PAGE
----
The Theory Of Everything is prime movie awards bait that features someone overcoming a physical ailment to succeed against all odds. I was cynical going into James Marsh’s film but I have to admit that it’s a charming piece of cinema with a well structured story and impressive performances from the cast. Marsh’s film is based on Travelling to Infinity: My Life with Stephen, the autobiography of Jane Hawking, the ex-wife of famed physicist Stephen Hawking. The film charts their relationship together as they struggle to cope with Hawking’s debilitating motor neuron disease.
Eddie Redmayne’s Academy Award winning performance is at the centre of The Theory Of Everything. It’s an impressive feat and Redmayne does deliver an incredible physical transformation into Hawking as his body continues to deteriorate. Cineasts will argue if his performance was better than Michael Keaton’s raw emotion in Birdman but you can’t deny the hard work that Redmayne put in. Felicity Jones also delivers a good turn as Jane Hawking – it may not be as flashy as Redmayne’s role but she emotes in a strong and subtle way as the wife and mother who struggles to keep her family together as her husband’s health suffers. However, annoyingly she never seems to age on screen throughout the decades that the film covers – maybe she is the true physics genius who managed to cross space and time.
Director (Shadow Dancer) James Marsh has mixed feature films with documentaries (Man On Wire, Project Nim) and he peppers The Theory Of Everything with enough physics to make it integral to the story without it ever feeling like a heavy physics lesson. It’s a balancing act worthy of Man On Wire’s Philippe Petit’ but Marsh succeeds in walking the fine line.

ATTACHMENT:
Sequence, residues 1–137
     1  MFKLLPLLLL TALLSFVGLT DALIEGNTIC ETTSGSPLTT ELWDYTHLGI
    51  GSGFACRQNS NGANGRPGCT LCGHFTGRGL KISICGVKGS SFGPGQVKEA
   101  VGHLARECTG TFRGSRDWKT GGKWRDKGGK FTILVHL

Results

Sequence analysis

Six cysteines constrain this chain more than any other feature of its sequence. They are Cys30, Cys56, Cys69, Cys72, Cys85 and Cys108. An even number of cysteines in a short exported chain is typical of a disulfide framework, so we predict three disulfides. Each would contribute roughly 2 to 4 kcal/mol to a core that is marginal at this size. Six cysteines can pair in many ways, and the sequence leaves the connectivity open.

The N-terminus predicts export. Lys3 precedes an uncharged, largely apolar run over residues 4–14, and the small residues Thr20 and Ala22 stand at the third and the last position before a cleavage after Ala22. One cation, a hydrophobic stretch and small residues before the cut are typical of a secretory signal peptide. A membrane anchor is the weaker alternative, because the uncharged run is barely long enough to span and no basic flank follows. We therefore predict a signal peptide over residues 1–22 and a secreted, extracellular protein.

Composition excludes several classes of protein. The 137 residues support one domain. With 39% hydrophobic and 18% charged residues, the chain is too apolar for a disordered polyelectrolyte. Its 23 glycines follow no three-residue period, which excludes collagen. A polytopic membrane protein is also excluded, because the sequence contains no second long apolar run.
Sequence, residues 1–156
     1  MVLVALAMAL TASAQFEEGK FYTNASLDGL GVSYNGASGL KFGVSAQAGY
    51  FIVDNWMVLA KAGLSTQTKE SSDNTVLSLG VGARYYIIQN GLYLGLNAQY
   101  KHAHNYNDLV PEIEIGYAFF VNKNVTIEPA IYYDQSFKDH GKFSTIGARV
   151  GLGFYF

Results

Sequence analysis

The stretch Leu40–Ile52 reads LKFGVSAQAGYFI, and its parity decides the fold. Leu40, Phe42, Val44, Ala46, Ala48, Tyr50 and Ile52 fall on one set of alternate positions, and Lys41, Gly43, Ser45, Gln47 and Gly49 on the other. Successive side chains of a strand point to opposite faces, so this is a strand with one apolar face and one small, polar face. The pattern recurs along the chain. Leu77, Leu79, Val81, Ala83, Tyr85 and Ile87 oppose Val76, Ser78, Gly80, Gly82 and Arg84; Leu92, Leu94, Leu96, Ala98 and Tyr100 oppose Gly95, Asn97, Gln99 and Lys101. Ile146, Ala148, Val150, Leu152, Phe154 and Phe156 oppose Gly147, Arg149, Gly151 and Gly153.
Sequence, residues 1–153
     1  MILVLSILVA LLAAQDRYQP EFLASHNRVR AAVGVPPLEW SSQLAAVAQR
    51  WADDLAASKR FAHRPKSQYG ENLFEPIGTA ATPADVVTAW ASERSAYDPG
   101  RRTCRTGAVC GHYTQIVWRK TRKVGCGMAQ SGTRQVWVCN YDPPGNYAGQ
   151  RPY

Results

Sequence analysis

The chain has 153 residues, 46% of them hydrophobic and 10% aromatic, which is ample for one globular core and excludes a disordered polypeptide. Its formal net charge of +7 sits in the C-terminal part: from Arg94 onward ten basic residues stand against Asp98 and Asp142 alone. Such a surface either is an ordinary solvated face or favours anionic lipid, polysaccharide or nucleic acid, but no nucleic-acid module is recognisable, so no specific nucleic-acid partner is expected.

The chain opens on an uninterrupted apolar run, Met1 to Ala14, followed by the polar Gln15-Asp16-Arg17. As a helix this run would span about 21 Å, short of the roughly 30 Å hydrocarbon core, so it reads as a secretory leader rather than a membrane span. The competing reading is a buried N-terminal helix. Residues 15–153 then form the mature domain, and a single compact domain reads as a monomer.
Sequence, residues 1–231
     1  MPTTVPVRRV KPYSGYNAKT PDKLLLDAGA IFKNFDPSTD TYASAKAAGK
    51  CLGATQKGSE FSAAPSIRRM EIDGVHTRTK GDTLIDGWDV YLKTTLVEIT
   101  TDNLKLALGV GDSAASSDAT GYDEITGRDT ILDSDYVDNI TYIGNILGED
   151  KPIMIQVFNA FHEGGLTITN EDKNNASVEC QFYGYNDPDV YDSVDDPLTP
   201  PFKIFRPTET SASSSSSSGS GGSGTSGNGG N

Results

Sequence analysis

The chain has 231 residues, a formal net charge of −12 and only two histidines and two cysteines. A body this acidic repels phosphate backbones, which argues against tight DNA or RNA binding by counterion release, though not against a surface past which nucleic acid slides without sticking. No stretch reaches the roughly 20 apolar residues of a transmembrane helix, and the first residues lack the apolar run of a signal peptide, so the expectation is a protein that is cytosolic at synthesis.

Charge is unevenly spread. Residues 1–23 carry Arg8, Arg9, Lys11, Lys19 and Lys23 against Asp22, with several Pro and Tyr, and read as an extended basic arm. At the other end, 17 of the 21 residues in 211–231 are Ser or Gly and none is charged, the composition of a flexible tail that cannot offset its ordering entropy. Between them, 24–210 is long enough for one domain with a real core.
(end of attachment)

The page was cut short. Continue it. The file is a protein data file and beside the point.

Marsh’s film covers a lot of ground in its 130 minute running time, although some events appear to have been glossed over. It would seem that Jane Hawking’s relationship with Jonathan Hellyer Jones (Charlie Cox) has been changed so that they only get together once Stephen Hawking has spurned her for his nurse. Jane and Jonathan would go on to get married but the origins of their romance never rings true.
The Theory Of Everything is an impressive biographical film that tackles one of the most recognisable men on the planet. It works well on a performance level and you can’t help but be fascinated by what unfolds onscreen.
The blu-ray comes with a selection of deleted scenes (with optional commentary) and Becoming the Hawkings, a behind the scenes piece showing how Eddie Redmayne and Felicity Jones got into character and a heavy commentary from James Marsh.